Copyright Information Roundup

Have you ever needed a photo or illustration and gone onto Google, found exactly what you need and then used it in your blog, website, artwork or publication? Did you check first to see if you are actually allowed to use it? Did you credit the photographer or ask for their permission to use it? Or did you just grab and go?

It’s so easy to do just that....grab and go....but it’s not necessarily the safest (or karmic) way to go.

Something I’m always cognizant of is copyright issues. Who owns images? Where can I find “free” images to use? How do I credit the artist? Do I HAVE to credit the artist? How can I find the copyright information about an image I want to use? How do I know what my rights are as an artist? What is Creative Commons? All these things I need to know so I can teach my students what to look for and what they can and can’t use. It’s probably a good idea and good practice to educate yourself and know the ins and outs of copyright.

Some terms used: exclusive rights, limitations and exceptions, creative commons, public domain. If you’ve never heard of them before and you’re contemplating using an image you found on the internet research, read, learn and respect the issues and what can happen.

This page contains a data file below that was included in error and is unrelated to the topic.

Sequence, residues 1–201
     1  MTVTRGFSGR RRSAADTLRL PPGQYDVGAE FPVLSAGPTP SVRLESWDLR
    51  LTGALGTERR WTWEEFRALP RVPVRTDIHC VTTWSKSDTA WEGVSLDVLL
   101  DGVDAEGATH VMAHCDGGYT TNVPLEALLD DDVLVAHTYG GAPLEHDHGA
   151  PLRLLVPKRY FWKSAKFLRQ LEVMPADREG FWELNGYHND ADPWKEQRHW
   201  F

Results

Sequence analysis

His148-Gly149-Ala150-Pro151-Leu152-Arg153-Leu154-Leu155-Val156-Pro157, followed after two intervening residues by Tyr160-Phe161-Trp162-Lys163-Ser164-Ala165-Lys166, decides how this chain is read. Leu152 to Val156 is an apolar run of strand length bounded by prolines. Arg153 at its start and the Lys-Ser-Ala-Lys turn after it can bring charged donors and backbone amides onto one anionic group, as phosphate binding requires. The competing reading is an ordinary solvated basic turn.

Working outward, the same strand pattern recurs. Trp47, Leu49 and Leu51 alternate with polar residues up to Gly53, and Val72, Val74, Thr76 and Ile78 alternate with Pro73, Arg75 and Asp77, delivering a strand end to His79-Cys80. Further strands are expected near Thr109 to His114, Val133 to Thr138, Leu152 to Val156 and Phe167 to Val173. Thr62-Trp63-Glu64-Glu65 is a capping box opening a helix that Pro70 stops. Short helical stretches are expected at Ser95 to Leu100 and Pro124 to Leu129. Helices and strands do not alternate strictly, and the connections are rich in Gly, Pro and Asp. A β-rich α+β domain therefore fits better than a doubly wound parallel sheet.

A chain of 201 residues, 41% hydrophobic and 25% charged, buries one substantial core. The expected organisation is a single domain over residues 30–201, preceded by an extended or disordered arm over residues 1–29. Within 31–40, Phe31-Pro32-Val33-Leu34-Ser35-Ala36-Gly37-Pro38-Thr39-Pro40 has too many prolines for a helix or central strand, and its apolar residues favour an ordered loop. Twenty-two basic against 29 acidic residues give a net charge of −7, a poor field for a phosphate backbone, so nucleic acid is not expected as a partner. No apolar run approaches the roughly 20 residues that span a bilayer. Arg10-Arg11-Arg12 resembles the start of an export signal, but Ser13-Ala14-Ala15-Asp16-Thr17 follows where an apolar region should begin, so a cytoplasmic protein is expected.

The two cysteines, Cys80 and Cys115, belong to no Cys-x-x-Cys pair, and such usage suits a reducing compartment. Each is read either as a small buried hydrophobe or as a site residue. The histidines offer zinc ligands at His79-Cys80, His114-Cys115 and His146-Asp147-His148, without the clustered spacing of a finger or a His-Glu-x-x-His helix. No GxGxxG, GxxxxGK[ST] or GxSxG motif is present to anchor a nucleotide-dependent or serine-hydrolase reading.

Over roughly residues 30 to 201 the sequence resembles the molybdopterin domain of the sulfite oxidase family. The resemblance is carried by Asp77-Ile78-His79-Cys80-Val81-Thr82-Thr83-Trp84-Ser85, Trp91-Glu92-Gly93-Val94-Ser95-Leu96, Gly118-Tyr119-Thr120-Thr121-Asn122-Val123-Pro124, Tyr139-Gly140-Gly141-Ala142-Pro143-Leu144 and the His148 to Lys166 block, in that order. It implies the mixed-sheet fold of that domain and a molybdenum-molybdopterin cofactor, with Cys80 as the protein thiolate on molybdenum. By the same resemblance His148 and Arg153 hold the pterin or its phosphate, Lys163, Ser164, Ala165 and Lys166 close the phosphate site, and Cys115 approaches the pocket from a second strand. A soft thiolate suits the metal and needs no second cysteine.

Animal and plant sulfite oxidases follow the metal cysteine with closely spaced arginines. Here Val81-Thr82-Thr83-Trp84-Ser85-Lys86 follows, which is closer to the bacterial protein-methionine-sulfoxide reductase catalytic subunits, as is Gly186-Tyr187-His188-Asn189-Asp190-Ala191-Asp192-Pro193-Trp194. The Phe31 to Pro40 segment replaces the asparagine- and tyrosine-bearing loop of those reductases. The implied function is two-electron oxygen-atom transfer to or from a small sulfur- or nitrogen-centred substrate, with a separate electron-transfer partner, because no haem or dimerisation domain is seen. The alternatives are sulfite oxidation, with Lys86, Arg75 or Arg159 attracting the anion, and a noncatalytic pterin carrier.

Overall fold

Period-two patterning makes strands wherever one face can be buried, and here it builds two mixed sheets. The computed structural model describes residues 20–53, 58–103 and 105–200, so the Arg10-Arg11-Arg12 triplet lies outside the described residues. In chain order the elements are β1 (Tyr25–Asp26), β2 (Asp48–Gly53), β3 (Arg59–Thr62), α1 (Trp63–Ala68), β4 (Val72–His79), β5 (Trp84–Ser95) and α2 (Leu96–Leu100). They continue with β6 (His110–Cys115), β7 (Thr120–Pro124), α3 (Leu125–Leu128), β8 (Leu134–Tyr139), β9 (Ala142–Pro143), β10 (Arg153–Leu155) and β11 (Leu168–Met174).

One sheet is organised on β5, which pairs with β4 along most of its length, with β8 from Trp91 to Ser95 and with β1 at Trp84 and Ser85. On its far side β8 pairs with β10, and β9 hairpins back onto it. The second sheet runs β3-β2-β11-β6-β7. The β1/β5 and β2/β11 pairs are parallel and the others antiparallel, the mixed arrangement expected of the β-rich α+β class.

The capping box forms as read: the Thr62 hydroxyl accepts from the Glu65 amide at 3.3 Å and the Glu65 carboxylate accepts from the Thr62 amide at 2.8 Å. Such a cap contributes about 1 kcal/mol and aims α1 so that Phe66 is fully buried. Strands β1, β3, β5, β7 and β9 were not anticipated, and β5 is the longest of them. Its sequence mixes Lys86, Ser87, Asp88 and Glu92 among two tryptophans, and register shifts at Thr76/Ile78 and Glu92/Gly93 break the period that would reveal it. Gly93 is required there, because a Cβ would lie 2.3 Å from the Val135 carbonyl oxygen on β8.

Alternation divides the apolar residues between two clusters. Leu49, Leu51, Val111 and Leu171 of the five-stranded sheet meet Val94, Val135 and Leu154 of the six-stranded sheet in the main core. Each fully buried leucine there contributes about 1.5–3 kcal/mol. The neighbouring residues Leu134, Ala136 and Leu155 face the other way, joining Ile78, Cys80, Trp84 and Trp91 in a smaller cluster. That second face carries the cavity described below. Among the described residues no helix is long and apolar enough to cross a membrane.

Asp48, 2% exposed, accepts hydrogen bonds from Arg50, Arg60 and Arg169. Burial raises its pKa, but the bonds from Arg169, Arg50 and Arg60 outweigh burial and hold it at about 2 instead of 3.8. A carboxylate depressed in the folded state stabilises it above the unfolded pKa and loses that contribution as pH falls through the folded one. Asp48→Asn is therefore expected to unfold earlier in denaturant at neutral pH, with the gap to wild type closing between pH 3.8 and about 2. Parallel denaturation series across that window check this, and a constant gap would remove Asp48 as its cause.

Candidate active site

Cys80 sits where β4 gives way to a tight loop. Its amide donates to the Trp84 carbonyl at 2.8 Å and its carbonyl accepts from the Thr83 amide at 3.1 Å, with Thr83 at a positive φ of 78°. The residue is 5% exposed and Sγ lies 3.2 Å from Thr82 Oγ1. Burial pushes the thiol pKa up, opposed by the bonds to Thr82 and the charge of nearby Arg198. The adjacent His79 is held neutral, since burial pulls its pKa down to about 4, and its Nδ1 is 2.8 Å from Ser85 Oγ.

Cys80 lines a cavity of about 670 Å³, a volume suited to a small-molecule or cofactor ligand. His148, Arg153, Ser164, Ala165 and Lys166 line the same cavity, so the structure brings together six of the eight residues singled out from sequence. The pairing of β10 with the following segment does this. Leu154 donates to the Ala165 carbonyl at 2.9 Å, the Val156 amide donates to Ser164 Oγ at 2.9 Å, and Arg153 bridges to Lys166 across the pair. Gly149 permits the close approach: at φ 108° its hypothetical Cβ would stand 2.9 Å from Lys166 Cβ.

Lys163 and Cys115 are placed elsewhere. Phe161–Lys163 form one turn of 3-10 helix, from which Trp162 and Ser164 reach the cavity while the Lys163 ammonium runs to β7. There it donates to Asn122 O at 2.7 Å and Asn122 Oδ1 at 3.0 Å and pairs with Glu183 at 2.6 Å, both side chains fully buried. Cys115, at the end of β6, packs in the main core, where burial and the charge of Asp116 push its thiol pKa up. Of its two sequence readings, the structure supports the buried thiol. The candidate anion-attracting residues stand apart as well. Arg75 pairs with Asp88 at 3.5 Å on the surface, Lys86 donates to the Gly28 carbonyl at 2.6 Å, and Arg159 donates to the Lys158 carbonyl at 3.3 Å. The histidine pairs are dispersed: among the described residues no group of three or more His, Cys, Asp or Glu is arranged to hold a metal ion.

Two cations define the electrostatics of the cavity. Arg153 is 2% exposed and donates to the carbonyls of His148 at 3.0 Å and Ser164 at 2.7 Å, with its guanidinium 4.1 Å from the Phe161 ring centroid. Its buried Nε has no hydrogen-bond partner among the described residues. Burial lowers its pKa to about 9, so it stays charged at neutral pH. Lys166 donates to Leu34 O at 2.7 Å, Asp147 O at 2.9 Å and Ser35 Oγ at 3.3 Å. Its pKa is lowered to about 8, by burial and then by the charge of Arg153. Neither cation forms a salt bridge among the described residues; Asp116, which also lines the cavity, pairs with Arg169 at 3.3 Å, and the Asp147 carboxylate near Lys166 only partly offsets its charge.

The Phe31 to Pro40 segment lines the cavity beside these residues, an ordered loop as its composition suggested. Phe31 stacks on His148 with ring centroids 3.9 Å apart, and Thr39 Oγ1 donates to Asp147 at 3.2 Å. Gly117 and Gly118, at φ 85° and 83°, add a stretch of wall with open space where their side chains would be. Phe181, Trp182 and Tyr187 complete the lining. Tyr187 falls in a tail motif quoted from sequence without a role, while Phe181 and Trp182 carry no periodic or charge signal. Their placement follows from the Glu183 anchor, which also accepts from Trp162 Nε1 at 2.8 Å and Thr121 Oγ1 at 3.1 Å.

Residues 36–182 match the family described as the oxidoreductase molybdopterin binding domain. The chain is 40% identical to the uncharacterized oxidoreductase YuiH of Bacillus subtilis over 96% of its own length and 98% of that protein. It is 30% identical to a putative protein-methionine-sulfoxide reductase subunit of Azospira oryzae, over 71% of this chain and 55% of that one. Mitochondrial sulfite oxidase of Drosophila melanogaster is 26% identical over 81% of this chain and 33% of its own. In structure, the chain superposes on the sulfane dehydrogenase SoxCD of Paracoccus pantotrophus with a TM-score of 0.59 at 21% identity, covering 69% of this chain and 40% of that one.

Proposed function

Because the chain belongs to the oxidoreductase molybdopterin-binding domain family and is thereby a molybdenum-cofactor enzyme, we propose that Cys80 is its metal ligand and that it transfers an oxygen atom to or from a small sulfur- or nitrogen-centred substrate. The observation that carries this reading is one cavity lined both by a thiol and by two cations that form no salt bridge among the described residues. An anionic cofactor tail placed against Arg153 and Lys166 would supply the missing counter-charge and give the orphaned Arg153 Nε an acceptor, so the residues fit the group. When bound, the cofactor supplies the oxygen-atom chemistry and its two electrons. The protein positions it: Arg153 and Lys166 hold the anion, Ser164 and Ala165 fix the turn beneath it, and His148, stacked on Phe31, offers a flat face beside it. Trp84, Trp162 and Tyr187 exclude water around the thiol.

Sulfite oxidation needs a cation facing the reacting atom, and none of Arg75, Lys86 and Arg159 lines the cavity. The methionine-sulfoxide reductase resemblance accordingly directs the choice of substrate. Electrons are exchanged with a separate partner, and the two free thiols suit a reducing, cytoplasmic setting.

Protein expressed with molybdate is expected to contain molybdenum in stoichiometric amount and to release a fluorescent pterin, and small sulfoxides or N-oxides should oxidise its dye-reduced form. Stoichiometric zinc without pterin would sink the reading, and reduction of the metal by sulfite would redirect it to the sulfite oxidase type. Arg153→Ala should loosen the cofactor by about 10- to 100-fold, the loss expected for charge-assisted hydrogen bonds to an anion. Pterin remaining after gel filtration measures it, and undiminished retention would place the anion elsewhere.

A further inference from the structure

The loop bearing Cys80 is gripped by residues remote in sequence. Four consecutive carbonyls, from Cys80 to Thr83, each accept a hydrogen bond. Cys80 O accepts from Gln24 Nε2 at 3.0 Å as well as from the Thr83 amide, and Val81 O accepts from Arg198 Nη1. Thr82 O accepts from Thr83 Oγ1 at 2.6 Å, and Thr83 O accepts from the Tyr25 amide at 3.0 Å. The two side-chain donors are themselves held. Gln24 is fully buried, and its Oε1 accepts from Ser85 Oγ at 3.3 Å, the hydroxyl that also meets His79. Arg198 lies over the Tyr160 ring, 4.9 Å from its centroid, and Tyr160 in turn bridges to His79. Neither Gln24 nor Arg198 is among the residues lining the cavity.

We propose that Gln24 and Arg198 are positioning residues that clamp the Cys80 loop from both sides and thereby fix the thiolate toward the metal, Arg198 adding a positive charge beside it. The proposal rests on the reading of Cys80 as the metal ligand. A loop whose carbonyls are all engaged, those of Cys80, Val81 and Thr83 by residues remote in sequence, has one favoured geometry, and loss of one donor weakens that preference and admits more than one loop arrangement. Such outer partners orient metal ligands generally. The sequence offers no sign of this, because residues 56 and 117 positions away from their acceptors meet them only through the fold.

I have rounded up a number of articles and resources about these issues and how they can affect you.

1. If you do a search for “What is copyright” Wikipedia explains it well:

2. Although this article says it’s specifically for artists it’s applicable if you’re a graphic designer or creating blogs and websites

Know Your Rights: Copyright 101 for Artists

3. Learn about Creative Commons:

4. Photography and Copyright Law

5. You Mean I Can't Use an Image from Google Images? This is an excellent article about what can happen if you grab and go from Google.

There are websites that share photos for free and free to use and modify. I’ll post some links for some of them in another post. I’ll also include a tutorial for finding copyright free images using Google so you can search for images and know you’re not infringing on someone else’s rights.

For now, read up on copyright issues and pass your new-found knowledge on.


Lisa Cash Hanson said...

Such an important topic Lindsey right now :) I go to photopin for my free images but there are many sites to choose from. Great idea to share these articles :)

Lindsey Henderson said...

it's so easy to pull images right off Google. I think most people think "ah, it won't matter, no one will find out." and that may well be true but it's still theft. There ARE lots of places that freely give their images (sometimes they ask for credit but that's easy to do) so it's good practice to start finding images from sites that are sharing without copyright issues. Creative Commons is a good place to go too.